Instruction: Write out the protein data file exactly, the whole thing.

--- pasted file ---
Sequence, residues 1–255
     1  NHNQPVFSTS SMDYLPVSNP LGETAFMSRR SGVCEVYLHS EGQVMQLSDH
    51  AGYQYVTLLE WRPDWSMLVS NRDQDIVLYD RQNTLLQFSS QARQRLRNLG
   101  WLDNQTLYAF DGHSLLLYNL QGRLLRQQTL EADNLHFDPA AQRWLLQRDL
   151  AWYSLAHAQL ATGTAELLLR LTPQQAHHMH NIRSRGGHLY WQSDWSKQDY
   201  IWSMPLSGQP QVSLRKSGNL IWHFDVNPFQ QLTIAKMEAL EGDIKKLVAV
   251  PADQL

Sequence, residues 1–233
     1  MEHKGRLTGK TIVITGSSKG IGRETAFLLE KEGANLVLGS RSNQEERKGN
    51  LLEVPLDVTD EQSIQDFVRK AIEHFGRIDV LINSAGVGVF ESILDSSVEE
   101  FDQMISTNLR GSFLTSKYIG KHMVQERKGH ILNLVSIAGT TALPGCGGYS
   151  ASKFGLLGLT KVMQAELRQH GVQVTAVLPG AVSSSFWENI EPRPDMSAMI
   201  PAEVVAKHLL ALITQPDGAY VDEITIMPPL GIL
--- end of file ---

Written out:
Sequence, residues 1–255
     1  NHNQPVFSTS SMDYLPVSNP LGETAFMSRR SGVCEVYLHS EGQVMQLSDH
    51  AGYQYVTLLE WRPDWSMLVS NRDQDIVLYD RQNTLLQFSS QARQRLRNLG
   101  WLDNQTLYAF DGHSLLLYNL QGRLLRQQTL EADNLHFDPA AQRWLLQRDL
   151  AWYSLAHAQL ATGTAELLLR LTPQQAHHMH NIRSRGGHLY WQSDWSKQDY
   201  IWSMPLSGQP QVSLRKSGNL IWHFDVNPFQ QLTIAKMEAL EGDIKKLVAV
   251  PADQL

Sequence, residues 1–233
     1  MEHKGRLTGK TIVITGSSKG IGRETAFLLE KEGANLVLGS RSNQEERKGN
    51  LLEVPLDVTD EQSIQDFVRK AIEHFGRIDV LINSAGVGVF ESILDSSVEE
   101  FDQMISTNLR GSFLTSKYIG KHMVQERKGH ILNLVSIAGT TALPGCGGYS
   151  ASKFGLLGLT KVMQAELRQH GVQVTAVLPG AVSSSFWENI EPRPDMSAMI
   201  PAEVVAKHLL ALITQPDGAY VDEITIMPPL GIL